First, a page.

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Historic ‘Ebony’ test kitchen finds new home in Museum of Food and Drink exhibit

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The psychedelic interior was salvaged from Chicago’s landmark Johnson Publishing Building

Image courtesy of Barbara Karant

The funky 1970s Ebony test kitchen saved from Chicago’s famous Johnson Publishing Building is moving out of storage to be featured in an upcoming exhibit from New York’s Museum of Food and Drink, Landmarks Illinois announced Tuesday.

Created in 1971 by Palm Springs-based interior designers William Raiser and Arthur Elrodwood, the test kitchen was where Ebony editor Charlotte L. Lyons tried out recipes for the magazine’s “A Date with a Dish” column. It features a central island flanked by wood cabinetry painted to match spiral orange and brown wallpaper as well as original 1970s-era appliances.

Landmarks Illinois acquired the kitchen last spring when new owners took over the former home of Chicago-based Ebony and Jet magazines at 820 S. Michigan Avenue ahead of a planned residential conversion. The 11-story structure by architect John Warren Moutoussam is a protected Chicago landmark, but the designation did not extend to its interiors.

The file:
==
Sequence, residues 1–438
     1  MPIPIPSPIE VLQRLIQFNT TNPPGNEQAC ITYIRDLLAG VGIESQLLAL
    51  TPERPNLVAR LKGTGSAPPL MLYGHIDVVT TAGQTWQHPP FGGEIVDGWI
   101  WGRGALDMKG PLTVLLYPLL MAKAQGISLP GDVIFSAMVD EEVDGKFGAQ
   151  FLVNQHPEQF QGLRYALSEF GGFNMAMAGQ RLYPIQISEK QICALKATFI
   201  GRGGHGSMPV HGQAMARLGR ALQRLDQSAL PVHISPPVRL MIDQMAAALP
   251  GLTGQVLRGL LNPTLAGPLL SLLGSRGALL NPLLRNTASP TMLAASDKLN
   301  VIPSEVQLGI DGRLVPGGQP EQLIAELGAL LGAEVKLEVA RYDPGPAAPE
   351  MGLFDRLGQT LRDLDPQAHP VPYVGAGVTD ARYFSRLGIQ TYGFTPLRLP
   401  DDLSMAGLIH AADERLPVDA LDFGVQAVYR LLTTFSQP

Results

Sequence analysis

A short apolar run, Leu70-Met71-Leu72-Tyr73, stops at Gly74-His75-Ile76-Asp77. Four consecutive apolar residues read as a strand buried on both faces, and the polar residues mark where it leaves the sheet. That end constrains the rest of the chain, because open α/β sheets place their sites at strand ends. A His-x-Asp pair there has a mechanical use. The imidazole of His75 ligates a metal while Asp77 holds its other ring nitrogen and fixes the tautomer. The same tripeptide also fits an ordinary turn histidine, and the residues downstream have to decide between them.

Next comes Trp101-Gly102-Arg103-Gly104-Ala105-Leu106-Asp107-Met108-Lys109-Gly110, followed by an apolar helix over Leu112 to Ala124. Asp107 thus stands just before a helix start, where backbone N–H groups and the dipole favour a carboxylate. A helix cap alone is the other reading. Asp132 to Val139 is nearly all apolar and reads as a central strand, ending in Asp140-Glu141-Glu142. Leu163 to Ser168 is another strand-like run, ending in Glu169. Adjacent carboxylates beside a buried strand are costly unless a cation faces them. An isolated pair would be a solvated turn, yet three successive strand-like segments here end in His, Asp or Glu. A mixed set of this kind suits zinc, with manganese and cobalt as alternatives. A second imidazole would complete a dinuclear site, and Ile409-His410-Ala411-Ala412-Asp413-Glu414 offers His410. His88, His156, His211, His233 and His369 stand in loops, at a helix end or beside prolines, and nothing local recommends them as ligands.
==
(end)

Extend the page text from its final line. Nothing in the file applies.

Photo courtesy of Lee Bey

After a team of Landmarks Illinois preservationists and volunteers carefully documented the space and placed kitchen fixtures into storage, the nonprofit group then began a search for a new owner to “publicly tell the Johnson Publishing Company story, as well as other significant narratives associated with the test kitchen,” according to the request for proposals released earlier this year.

The group selected the proposal from the Museum of Food and Drink (MOFAD) to feature the kitchen in an exhibition celebrating the impact African Americans have had on American cuisine, titled African/American: Making the Nation’s Table. The exhibit expected to tour the United States visiting multiple cities. Although currently in the fundraising phase, the show is targeting a 2020 debut.

“We are now seeking leadership gifts to produce African/American with the kitchen as its centerpiece,” said Peter J. Kim, MOFAD’s executive director, in a statement. “We look forward to connecting with individuals and companies that are interested in sharing the story of this historical treasure with millions of people around the country.”

Update: This post was updated to clarify that the test kitchen and its accompanying exhibit are expected to tour multiple cities across the country. It will not be permanently housed—and only displayed—at MOFAD in New York.